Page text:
Charles Patrick Davis, MD, PhD
Dr. Charles "Pat" Davis, MD, PhD, is a board certified Emergency Medicine doctor who currently practices as a consultant and staff member for hospitals. He has a PhD in Microbiology (UT at Austin), and the MD (Univ. Texas Medical Branch, Galveston). He is a Clinical Professor (retired) in the Division of Emergency Medicine, UT Health Science Center at San Antonio, and has been the Chief of Emergency Medicine at UT Medical Branch and at UTHSCSA with over 250 publications.
Mary D. Nettleman, MD, MS, MACP
Mary D. Nettleman, MD, MS, MACP is the Chair of the Department of Medicine at Michigan State University. She is a graduate of Vanderbilt Medical School, and completed her residency in Internal Medicine and a fellowship in Infectious Diseases at Indiana University.
In this Article
- Typhus facts
- What is typhus? Are there different types of typhus?
- What is the history of typhus?
- What causes typhus? How is typhus transmitted?
- What are typhus risk factors?
- What are typhus symptoms and signs?
- How is typhus diagnosed?
- What is the treatment for typhus?
- What is the prognosis of typhus?
- Can typhus be prevented?
- Where can people get more information about typhus?
- Find a local Doctor in your town
What is typhus? Are there different types of typhus?
Typhus is a disease caused by bacteria (mainly Rickettsia typhi or R. prowazekii). There are two major types of typhus: endemic (or murine typhus) and epidemic typhus. The bacteria are small and very difficult to cultivate; originally they were thought to be viruses. The disease occurs after bacteria (Rickettsia spp.) are transferred to humans usually by vectors such as fleas or lice that have acquired the bacteria from animals such as rats, cats, opossums, raccoons, and other animals. Endemic typhus (mainly caused by R. typhi) is also termed murine typhus and "jail fever." "Endemic typhus" also means that an area or region has an animal population (usually mice, rats, or squirrels) that has members of its population continually infected with R. typhi that through flea vectors can incidentally infect humans. Epidemic typhus (caused by R. prowazekii) is the more severe form of typhus. It has also been termed recrudescent or sporadic typhus. "Epidemic typhus" also means that a few animals, (usually rats) via lice vectors, can incidentally infect large numbers of humans quickly when certain environmental conditions are present (poor hygiene, poverty, crowded human living conditions) with the more pathogenic R. prowazekii. Epidemic typhus has a milder form termed Brill-Zinsser disease; it occurs when R. prowazekii bacteria reactivate in a person previously infected with epidemic typhus.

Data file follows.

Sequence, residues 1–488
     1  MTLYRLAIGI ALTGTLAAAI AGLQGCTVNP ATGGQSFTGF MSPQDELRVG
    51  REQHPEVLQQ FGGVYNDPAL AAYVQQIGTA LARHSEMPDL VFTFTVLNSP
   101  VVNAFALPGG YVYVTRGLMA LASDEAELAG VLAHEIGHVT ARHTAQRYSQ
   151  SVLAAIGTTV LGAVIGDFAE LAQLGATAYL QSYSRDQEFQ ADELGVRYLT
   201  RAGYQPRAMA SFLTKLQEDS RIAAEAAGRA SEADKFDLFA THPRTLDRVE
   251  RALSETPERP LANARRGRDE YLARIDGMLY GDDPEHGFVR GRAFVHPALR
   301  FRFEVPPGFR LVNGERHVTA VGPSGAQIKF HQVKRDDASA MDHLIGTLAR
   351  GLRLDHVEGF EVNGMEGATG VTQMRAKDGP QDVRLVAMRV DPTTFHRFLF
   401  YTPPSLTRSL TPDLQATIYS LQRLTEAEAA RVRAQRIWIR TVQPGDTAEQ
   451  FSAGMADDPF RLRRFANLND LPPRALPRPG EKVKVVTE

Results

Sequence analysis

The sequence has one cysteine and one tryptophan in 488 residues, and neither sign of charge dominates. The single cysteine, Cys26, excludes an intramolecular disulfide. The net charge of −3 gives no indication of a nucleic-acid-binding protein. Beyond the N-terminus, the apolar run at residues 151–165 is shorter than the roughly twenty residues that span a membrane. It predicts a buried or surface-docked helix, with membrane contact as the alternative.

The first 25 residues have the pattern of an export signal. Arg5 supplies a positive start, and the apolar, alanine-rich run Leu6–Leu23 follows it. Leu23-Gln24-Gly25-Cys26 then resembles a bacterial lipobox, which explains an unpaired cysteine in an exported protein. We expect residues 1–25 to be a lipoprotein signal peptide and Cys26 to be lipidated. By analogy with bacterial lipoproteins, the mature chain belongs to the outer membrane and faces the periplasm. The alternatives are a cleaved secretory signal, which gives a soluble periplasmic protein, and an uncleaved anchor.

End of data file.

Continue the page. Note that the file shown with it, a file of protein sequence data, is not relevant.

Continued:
There is some confusion surrounding the term "typhus." Many people occasionally equate typhus with typhoid (typhoid fever). This is incorrect but easily understandable due to the evolving understanding of diseases and the antiquated but stubbornly adhered to terminology by the medical community. For example, both diseases have in common the symptom of high fever, and the major species of Rickettsia that causes endemic typhus is still termed "typhi," but the causes, transmission, and pathology of these diseases are quite different (Salmonella spp. cause typhoid). Another example is the term "scrub typhus." This disease is related to typhus but is caused by a different genus and species of bacteria and is transmitted by a different vector (see the causes section below). The aim of this article is to inform the reader about the two major worldwide variations of typhus, endemic and the more severe epidemic typhus.
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